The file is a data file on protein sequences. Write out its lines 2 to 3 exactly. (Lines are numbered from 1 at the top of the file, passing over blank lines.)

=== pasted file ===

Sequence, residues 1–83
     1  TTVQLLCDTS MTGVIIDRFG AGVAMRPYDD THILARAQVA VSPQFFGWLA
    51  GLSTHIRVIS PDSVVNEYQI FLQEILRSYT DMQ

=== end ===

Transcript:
     1  TTVQLLCDTS MTGVIIDRFG AGVAMRPYDD THILARAQVA VSPQFFGWLA
    51  GLSTHIRVIS PDSVVNEYQI FLQEILRSYT DMQ